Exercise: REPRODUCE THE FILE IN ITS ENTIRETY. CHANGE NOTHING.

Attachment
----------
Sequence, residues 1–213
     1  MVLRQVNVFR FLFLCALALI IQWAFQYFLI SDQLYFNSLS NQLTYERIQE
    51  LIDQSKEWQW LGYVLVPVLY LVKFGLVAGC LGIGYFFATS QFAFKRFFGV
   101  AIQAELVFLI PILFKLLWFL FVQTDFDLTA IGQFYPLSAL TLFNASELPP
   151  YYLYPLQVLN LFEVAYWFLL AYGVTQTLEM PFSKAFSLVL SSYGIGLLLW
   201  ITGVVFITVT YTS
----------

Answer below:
Sequence, residues 1–213
     1  MVLRQVNVFR FLFLCALALI IQWAFQYFLI SDQLYFNSLS NQLTYERIQE
    51  LIDQSKEWQW LGYVLVPVLY LVKFGLVAGC LGIGYFFATS QFAFKRFFGV
   101  AIQAELVFLI PILFKLLWFL FVQTDFDLTA IGQFYPLSAL TLFNASELPP
   151  YYLYPLQVLN LFEVAYWFLL AYGVTQTLEM PFSKAFSLVL SSYGIGLLLW
   201  ITGVVFITVT YTS